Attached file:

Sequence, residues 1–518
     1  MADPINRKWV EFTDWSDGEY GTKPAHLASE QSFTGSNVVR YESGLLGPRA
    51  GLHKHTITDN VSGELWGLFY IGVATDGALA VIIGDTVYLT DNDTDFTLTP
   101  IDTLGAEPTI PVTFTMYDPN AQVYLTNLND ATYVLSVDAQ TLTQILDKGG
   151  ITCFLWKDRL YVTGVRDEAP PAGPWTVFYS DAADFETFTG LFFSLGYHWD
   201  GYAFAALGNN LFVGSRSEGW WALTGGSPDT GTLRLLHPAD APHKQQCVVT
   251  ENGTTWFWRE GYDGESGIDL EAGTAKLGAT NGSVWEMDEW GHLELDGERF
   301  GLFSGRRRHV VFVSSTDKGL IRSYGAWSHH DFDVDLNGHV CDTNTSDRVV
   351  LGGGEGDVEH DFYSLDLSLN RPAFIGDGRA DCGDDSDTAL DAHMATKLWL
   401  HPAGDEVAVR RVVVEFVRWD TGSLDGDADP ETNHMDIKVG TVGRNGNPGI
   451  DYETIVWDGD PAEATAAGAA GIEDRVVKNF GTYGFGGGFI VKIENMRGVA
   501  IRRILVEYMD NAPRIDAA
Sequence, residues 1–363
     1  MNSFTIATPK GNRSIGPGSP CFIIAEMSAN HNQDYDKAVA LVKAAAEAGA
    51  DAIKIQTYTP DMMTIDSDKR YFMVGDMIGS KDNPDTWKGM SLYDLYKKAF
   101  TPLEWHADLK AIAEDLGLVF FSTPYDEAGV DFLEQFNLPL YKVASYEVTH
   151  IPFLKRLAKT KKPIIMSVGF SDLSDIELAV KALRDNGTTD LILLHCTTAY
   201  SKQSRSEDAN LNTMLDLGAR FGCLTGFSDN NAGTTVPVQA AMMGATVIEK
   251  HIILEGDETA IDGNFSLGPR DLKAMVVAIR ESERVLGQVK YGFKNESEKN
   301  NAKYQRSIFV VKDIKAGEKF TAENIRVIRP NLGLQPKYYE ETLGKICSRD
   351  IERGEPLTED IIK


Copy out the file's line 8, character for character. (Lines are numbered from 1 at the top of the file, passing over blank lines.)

   301  GLFSGRRRHV VFVSSTDKGL IRSYGAWSHH DFDVDLNGHV CDTNTSDRVV